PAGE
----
A Pocket Guide to Windsor and Eton, Berkshire

The recent revamp of a stately country hotel has kick-started a renaissance in Berkshire’s royal town and its surrounds. Join well-heeled west Londoners heading into the green and pleasant hills for eccentric design stays, posh pubs and plenty of English charm.

With its bunting-clad walkways, picturesque cobbled streets and rather royal neighbours, regal Windsor (and the surrounding area) had maintained its stiff upper lip and prim and proper reputation for decades, until, that is, Alex Eagle turned her attention to the county of Berkshire last year.

The eagle-eyed Londoner (sorry, we had to) and curator behind one of London's coolest concept stores paired up with her long-time friend and collaborator Sophie Hodges to revamp a stately gothic pile on the town's edges, pushing expectations for a renegade renaissance in the royal enclave to fever pitch. The refreshed Oakley Court is a full-throttle celebration of British eccentricity, characterised by bold colour schemes, an excess of chinoiserie, Le Corbusier-style chairs and surplus fringing, plus a riverside restaurant simply made for summer soireés.

First it was Margate, then Deal, then Frome and Bruton followed. Now, it's Windsor and Eton's time for a revival. That royal retiree reputation the area has had for so long? Off with its head. Further openings have followed the Oakley, enticing well-heeled Londoners into the hills and capturing affections with seductively styled suites and capital-quality menus. Glossy-haired visitors are drawn in by Windsor's heritage and the tantalising vision of lazing beside the meandering Thames, Pimm's in hand, on a balmy Sunday afternoon. Now, Berkshire is on its way to becoming a flag-waving example of British excellence - and Londoners are dropping their Cotswolds boltholes in their droves in favour of its monarchical charms.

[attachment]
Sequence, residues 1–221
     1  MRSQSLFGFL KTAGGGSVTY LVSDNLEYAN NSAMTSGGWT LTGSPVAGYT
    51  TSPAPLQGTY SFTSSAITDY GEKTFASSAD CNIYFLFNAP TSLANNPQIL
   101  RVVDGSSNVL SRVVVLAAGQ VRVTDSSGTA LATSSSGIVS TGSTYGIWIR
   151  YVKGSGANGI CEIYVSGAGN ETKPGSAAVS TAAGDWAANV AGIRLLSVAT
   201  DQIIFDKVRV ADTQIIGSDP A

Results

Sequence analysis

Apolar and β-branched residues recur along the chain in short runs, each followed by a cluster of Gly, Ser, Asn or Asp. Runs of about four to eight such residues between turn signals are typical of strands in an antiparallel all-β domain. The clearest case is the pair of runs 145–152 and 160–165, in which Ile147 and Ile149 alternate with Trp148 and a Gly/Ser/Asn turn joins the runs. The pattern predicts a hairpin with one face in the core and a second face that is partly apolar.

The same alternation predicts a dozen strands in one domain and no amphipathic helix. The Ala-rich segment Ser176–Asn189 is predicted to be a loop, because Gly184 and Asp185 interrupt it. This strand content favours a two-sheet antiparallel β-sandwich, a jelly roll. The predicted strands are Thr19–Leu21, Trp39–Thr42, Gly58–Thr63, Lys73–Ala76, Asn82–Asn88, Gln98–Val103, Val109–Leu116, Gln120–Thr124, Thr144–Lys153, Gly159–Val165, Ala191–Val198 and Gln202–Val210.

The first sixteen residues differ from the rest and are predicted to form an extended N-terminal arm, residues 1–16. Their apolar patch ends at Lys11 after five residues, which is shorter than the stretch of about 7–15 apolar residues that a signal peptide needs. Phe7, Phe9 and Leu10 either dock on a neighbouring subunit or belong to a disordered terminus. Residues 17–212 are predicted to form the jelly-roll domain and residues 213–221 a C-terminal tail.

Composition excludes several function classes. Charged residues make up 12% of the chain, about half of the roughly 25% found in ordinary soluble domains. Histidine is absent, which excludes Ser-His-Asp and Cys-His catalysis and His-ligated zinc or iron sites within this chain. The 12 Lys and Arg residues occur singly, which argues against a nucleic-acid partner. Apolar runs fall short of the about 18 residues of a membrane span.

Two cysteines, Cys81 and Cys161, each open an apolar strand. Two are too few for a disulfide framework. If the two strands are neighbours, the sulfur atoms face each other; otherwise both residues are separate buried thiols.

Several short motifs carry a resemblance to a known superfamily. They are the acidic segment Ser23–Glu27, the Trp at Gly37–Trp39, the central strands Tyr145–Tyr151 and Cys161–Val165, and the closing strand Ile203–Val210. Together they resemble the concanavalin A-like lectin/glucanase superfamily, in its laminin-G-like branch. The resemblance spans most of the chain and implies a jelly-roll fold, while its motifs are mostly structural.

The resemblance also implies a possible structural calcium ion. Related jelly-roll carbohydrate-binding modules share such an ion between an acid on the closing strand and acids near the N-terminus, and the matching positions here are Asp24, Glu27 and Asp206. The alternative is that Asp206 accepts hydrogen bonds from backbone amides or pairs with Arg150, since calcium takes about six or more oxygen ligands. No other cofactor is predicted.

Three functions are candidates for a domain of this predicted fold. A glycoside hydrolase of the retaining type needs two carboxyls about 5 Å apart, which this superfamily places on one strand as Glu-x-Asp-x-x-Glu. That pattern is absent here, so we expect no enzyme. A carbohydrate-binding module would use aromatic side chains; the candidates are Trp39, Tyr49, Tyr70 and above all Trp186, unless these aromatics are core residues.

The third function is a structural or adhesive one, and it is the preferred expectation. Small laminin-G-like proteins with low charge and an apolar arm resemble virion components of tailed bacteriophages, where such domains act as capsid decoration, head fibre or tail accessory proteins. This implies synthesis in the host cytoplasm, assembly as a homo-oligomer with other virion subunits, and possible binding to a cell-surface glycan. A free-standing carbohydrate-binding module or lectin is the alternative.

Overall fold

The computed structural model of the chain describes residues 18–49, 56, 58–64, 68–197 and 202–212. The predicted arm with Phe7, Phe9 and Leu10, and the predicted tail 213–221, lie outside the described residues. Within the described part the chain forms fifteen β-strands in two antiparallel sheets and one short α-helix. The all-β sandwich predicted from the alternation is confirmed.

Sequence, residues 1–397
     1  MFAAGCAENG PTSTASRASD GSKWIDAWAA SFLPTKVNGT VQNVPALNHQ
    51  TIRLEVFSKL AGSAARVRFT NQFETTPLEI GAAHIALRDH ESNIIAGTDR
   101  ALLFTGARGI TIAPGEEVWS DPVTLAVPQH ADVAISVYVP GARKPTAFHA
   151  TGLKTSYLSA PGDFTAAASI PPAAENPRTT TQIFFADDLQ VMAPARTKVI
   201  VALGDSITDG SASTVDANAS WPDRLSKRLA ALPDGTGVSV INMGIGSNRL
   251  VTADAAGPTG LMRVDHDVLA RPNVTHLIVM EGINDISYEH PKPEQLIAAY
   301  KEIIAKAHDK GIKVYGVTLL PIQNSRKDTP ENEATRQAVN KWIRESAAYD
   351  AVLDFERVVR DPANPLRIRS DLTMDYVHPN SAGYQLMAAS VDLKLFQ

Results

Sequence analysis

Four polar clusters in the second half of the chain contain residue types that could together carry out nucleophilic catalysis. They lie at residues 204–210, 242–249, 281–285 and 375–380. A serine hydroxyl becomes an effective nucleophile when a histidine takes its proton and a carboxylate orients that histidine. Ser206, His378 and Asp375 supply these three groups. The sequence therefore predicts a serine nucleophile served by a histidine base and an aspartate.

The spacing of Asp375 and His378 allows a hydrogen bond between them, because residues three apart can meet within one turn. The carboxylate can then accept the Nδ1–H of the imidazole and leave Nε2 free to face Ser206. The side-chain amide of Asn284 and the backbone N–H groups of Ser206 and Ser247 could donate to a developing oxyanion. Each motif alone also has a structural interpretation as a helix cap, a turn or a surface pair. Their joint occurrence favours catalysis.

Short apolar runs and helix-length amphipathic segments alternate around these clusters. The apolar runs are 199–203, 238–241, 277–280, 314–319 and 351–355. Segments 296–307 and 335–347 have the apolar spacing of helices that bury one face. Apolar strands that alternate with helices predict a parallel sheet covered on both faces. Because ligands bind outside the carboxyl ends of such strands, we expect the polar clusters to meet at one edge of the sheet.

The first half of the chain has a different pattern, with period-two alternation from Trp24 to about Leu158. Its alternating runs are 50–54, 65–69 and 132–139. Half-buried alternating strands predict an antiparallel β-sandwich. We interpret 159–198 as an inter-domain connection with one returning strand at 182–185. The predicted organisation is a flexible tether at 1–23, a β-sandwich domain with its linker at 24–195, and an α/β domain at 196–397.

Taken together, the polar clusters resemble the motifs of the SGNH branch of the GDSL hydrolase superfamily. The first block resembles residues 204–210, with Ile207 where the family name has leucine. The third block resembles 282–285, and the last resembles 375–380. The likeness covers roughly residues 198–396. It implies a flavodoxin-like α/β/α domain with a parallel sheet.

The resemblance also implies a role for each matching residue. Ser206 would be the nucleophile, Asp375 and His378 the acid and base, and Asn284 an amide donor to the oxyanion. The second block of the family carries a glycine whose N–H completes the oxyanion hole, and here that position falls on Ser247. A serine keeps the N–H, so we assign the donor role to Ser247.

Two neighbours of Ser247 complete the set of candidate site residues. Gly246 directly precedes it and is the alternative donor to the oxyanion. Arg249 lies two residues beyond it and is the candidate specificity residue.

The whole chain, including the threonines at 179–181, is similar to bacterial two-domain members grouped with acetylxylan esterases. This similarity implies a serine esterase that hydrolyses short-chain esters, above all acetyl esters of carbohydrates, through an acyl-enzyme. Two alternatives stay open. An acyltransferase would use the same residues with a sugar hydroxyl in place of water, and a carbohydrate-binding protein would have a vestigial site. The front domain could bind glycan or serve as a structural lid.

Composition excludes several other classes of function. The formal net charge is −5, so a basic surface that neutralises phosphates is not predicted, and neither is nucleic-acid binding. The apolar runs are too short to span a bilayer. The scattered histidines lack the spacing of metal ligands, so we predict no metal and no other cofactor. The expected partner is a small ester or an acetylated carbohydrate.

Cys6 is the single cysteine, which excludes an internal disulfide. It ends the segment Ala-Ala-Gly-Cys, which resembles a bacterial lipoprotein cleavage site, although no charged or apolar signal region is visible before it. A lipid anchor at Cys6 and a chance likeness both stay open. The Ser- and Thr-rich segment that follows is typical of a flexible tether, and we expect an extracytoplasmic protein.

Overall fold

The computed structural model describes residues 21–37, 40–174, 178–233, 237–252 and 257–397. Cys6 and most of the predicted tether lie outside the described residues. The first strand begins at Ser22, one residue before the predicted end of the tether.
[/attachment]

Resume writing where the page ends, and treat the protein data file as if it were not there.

With regular trains from Paddington transporting you to Berkshire's rolling green hills in just 30 minutes, we're earmarking Windsor and Eton as the new weekend escape of choice. Here's where to head when you venture into the royal realm.

Wonderful Windsor and Eton: what not to miss

Oakley Court Hotel, Windsor


Oakley Court

Treading the line between picturesque period drama set and modern-luxury boutique escape, Oakley Court, which opened last May, is a dreamy English summertime stay. Positioned beside the River Thames in a Victorian mansion house dating back to 1859, its aesthetic respectfully celebrates its heritage. Inside, traditional fabrics and modernist furniture characterise rooms spread across the mansion house, boat house and garden annexe, most of which overlook the slowly meandering waterway. Hire a self-drive boat, try your balance on a paddleboard or borrow a bike from the hotel’s fleet and cycle to Bray Lake for some open-water swimming. Don’t feel like getting wet? Pitch up at River House bar for an al fresco spritz, before dinner in the restaurant, hosted by a rotating calendar of guest chefs.


Windsor Rd, Water Oakley, SL4 5UR

A bathroom at The Loch & The Tyne in Old Windsor


The Loch & The Tyne

There are only two rooms at Adam Handling’s Old Windsor rural outpost, but that’s what makes it such a welcome departure from the bustle of the town. Both feature homey touches like hot water bottles and hand-written notes – details that make it feel like you’re staying in the house of an old friend. Unsurprisingly, the restaurant is the jewel in The Loch & The Tyne’s crown. Helmed by the acclaimed Scottish chef, who trained at Gleneagles Hotel in Scotland, it’s a celebration of classic British pub food, brought to life in serene surroundings. Borrow a bike from reception to explore the Great Park – Her Majesty’s back garden, if you will – and make it back in time for the Sunday roast.


10 Crimp Hill, Old Windsor, SL4 2QY

A bedroom at the Castle Hotel in Berkshire


Castle Hotel

Situated on a cobbled street opposite the Guildhall, just a stone’s throw from the family pad of the Windsors, this palatial property couldn’t be more central. Interiors play to its 16th-century architecture, combining elements of the original Georgian aesthetic with neutral-toned modernity. The 108 bedrooms and suites are smart and functional, with considered design details – think original fireplaces, Farrow and Ball-painted panelling and, in a nod to the elegant creatures living in the nearby Great Park, a few papier-mâché stag heads mounted on the walls.


18 High St, SL4 1ER